As businesses and employees begin the journey to recovery, employers should be mindful of federal and state laws related to leaves, planned and unplanned absences, accommodations, and pay practices.

In the wake of widespread devastation caused by Hurricane Harvey, the city of Houston faces a long road to recovery. While the safety of employees is first on everybody’s minds, employers should be aware of legal issues they could face in the coming weeks and months as they attempt to balance the time and resources employees may need for personal recovery with the company’s own business needs. This LawFlash highlights some considerations for employers managing this balance:

  • Many employees may be absent from work more than usual—either on a planned or unplanned basis. Employees may be out of work because they are dealing with damage to personal property, their child’s school is closed, or a family member has been injured. Whatever the reason for the absence, employers should consider the federal Family and Medical Leave Act (FMLA) before taking any action related to an individual’s employment status; if an employer has more than 50 employees within a 75–mile radius, the FMLA likely applies. An employee also may be absent for a reason that qualifies as an FMLA “serious health condition.” Employers should remember that they are obligated to give employees notice of their FMLA rights any time an employee is absent for a reason that might be covered by the FMLA. Given this, it will be critical to keep the FMLA top-of-mind in the coming weeks.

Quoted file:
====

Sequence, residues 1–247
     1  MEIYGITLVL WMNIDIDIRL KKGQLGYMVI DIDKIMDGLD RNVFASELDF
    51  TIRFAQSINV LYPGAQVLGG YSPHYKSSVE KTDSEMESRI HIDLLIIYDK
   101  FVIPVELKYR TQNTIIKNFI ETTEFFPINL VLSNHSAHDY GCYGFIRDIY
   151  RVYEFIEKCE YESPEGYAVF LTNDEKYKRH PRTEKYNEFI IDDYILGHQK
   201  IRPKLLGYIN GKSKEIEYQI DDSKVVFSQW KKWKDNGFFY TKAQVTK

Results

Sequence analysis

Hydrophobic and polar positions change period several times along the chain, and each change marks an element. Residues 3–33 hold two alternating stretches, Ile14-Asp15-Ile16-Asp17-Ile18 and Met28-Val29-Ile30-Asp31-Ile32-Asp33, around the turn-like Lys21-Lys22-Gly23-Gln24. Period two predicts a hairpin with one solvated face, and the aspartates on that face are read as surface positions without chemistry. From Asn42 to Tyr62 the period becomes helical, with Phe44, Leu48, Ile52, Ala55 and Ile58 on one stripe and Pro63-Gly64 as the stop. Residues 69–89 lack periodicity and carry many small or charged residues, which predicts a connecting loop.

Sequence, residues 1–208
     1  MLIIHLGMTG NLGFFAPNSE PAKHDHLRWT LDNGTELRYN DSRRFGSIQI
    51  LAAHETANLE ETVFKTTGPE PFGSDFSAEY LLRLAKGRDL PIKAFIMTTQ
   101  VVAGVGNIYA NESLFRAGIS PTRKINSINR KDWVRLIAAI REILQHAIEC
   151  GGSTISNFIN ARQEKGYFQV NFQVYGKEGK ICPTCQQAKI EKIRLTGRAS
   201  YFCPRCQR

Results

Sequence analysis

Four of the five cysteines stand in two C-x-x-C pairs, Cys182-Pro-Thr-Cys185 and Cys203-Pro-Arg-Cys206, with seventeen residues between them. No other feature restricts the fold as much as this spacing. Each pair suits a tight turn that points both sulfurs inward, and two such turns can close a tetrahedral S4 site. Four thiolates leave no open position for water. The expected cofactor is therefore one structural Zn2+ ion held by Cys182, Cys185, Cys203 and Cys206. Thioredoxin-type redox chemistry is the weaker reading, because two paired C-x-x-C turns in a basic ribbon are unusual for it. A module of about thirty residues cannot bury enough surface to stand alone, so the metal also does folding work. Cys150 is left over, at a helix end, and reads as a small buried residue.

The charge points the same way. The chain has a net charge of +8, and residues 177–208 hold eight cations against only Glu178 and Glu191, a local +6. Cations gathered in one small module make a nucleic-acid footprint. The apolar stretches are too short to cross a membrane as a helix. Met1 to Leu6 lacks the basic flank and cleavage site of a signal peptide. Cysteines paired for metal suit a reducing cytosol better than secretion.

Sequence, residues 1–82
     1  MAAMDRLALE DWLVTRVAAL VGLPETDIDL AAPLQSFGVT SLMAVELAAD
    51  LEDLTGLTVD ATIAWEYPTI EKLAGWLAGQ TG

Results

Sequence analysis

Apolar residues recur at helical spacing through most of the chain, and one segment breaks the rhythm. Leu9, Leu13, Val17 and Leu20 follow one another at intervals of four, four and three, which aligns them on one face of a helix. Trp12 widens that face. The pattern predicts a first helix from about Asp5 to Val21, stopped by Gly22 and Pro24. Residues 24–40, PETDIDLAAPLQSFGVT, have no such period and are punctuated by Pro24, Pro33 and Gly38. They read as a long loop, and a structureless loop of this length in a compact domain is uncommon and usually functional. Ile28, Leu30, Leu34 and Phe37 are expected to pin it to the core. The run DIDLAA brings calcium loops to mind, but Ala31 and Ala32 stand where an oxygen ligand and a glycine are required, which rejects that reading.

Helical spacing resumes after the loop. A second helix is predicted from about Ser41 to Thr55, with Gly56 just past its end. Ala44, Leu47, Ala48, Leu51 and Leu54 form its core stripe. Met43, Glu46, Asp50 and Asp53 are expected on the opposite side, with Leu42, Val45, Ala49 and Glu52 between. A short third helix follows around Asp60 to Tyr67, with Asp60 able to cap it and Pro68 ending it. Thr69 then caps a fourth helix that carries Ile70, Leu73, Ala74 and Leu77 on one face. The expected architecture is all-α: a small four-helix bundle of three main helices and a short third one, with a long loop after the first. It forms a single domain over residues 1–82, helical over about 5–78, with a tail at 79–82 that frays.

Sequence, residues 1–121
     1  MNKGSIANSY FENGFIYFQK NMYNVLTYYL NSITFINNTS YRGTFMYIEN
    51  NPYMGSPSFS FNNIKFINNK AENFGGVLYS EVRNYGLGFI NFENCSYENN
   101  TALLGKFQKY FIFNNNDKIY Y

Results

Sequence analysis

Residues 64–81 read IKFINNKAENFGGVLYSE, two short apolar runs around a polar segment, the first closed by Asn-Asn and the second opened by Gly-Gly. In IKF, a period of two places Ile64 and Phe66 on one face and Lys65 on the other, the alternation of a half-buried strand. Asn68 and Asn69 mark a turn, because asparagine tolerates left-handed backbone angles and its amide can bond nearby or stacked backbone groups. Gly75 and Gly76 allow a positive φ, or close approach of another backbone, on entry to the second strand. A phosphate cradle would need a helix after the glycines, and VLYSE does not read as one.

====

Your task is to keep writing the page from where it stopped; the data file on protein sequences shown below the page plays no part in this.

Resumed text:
• Even when the FMLA does not apply, many companies may want to give their employees additional flexibility during this crisis. If so, companies can consider adopting a temporary change to attendance or leave policies rather than leaving such decisions to the discretion of individual managers.
  • Employers that have nonexempt employees who are working remotely because of the storm may want to consider adopting rules to ensure that nonexempt employees are reporting and being paid for all of the time they work, as is required by the Fair Labor Standards Act.
  • Some employees may need to be absent because they are first responders. Texas law prohibits retaliation against such employees involved in these efforts. Before taking any action in relation to an employee who is a first responder, employers should first consider contacting outside counsel to review how Texas law applies.
  • Texas law protects employees who participate in an evacuation pursuant to an emergency order—even if the evacuation was not mandatory. Accordingly, employers should exercise special care when applying attendance policies in areas that were subject to an emergency evacuation order.
  • Even employees who are still regularly attending work may be struggling with the physical and emotional impacts of the hurricane. If an employee is having performance or behavioral issues because of a health condition, employers should consider the Americans with Disabilities Act before taking action. Of course, significant performance or behavioral issues do not have to be tolerated, but it may be appropriate to engage in the accommodation process with an employee before imposing discipline.
  • Finally, if a business is shut down for any period of time because of the hurricane, employers should consider deciding now whether employees will be paid for that time and, if so, whether the company plans to deduct the time from accrued paid time off (PTO). Before making PTO deductions, consider speaking with outside counsel about the implications of the Texas Payday Law and the state’s prohibition on discrimination against evacuees.